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About 430,000 people have flown on direct flights from China to the United States since Chinese officials first disclosed the outbreak of what is now the novel coronavirus to world health officials on New Year’s Eve, according to a new report published Saturday.

Most of the travelers flew into airports in Los Angeles, San Francisco, New York, Chicago, Seattle, Newark and Detroit in January. Thousands came directly from the city of Wuhan in the Chinese Hubei province, where the coronavirus originated, the New York Times reported.

The report did not account for travelers who did not fly directly from China and may have come into the U.S. on a connecting flight from the country.


The number of passengers flying directly into the U.S. from China was significantly reduced after President Trump issued a travel ban on Jan. 31 – the day after the World Health Organization declared a global health emergency.

Foreign nationals were barred from entering the U.S. if they had visited China within the past two weeks.

Even after the order went into effect on February 2, some 40,000 people – traveling on 279 flights – have arrived in the U.S. from China, according to the analysis from the New York Times based on data collected in both countries.

Those individuals were exempt from the restrictions because they were either American citizens, U.S. passport or green cardholders. Non-citizen relatives were also permitted to enter the U.S., an exemption made by the president to prevent the separation of families.

Some of those flights arrived within the past week from Beijing into major U.S. airports in Los Angeles, San Francisco, and New York.

In this photo provided by Austin Boschen, people wait in line to go through the customs at Dallas Fort Worth International Airport in Grapevine, Texas, Saturday, March 14, 2020. International travelers reported long lines at the customs at the airport Saturday as staff took extra precautions to guard against the new coronavirus, The Dallas Morning News reports. Boschen said it took him at least 4 hours to go through the customs. (Austin Boschen via AP)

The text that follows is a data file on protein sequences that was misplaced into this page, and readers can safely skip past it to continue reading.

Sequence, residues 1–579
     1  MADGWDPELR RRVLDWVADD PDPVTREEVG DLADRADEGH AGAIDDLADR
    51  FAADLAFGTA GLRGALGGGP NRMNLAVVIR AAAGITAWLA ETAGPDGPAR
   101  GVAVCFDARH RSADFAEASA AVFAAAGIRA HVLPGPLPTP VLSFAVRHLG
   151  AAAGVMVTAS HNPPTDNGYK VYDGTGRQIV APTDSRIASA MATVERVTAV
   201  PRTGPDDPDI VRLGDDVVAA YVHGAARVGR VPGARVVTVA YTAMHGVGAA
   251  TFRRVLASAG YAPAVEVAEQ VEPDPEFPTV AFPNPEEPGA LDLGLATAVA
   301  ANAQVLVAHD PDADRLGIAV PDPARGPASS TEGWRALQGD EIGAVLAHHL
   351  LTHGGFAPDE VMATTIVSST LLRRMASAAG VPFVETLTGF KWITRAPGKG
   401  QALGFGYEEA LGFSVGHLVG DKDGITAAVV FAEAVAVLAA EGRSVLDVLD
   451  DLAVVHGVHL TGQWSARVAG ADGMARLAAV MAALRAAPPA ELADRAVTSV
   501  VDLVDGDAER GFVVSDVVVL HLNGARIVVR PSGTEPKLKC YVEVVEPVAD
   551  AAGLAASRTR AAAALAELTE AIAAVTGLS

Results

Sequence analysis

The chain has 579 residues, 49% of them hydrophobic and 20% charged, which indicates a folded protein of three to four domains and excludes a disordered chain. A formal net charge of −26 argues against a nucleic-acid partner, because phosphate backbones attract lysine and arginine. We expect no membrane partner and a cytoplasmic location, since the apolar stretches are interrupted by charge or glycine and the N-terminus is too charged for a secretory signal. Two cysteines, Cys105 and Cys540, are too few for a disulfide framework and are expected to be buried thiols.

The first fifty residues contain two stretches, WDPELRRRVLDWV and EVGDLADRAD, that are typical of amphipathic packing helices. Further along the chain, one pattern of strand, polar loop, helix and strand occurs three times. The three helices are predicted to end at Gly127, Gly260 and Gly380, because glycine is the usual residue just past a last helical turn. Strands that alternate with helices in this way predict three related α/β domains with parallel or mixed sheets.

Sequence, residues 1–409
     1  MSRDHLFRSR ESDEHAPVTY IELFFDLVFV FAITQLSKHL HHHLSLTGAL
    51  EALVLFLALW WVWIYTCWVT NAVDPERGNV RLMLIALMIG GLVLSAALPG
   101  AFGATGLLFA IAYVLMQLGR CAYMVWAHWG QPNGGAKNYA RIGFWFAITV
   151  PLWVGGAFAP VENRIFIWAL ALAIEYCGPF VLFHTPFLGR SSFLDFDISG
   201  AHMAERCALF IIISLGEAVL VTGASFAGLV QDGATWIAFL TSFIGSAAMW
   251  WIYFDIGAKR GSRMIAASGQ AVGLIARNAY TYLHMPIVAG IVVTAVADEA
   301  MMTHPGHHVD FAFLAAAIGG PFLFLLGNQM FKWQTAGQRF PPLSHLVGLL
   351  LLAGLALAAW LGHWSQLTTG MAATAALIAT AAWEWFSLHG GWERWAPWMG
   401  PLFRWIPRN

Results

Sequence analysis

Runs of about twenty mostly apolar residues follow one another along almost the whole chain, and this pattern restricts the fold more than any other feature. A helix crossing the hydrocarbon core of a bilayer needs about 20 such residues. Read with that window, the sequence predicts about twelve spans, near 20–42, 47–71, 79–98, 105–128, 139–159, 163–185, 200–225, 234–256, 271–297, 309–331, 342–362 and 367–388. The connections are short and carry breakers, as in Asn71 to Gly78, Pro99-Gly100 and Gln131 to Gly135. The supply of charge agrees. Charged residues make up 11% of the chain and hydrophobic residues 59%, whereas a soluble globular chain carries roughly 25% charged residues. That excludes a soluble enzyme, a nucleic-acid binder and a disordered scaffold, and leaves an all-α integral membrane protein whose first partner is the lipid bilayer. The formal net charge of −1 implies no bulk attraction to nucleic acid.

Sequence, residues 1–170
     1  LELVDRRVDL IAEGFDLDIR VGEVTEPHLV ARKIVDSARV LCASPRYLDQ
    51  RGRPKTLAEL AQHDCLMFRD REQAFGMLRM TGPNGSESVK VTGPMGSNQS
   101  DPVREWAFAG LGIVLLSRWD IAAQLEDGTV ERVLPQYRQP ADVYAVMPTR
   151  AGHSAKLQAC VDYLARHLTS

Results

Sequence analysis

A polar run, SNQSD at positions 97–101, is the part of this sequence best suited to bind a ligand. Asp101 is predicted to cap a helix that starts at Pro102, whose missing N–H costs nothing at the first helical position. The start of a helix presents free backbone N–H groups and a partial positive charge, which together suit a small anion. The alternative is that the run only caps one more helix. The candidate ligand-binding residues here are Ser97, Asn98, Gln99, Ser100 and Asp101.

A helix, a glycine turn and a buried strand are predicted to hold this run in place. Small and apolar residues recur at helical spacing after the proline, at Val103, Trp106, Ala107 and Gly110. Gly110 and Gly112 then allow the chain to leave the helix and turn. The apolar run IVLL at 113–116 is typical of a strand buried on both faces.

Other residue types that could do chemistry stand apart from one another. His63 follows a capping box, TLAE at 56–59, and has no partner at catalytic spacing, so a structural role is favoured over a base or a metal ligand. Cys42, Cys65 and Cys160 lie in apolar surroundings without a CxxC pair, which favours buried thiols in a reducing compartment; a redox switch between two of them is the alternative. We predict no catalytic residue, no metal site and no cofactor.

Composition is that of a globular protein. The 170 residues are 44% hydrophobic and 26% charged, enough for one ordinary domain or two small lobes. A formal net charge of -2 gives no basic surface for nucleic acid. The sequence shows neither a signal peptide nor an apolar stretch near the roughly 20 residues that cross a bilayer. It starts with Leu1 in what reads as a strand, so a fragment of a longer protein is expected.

In January, when Chinese officials were still underreporting the effect of the outbreak, Trump received push-back for issuing a travel ban, with several Democrats in Congress suggesting it could lead to discrimination. The U.S. restrictions came weeks before the WHO recommended similar measures barring travel.

Still, the Times report questioned whether Trump’s order came soon enough to have “kept China out.”

“I do think we were very early, but I also think that we were very smart, because we stopped China,” Trump said at a briefing last week. “That was probably the biggest decision we made so far.”

The first confirmed case of COVID-19 in the U.S. was identified on Jan. 20 in Washington State. But, experts from the New England Journal of Medicine suspect the virus arrived undetected even before then.

As many as 25 percent of those infected with the coronavirus may not show symptoms, Dr. Robert Redfield, director of the Centers for Disease Control and Prevention, told NPR in Atlanta last week.


Many passengers arriving from China within the past two months said they experienced lax screening procedures at U.S. airports. Some travelers said they had their temperatures taken and filled out health forms, but were not intensely questioned and were never contacted again, the Times reported.

Others said they were told to self-quarantine for 14 days and received two reminder text messages but received no further follow-up from the CDC or local health officials.

More than 1.2 million people around the world have tested positive for coronavirus. As of Sunday, the U.S. has accounted for 320,000 of the cases - the most of any country.

More than 67,000 people have died from the virus, while more than 252,000 have recovered.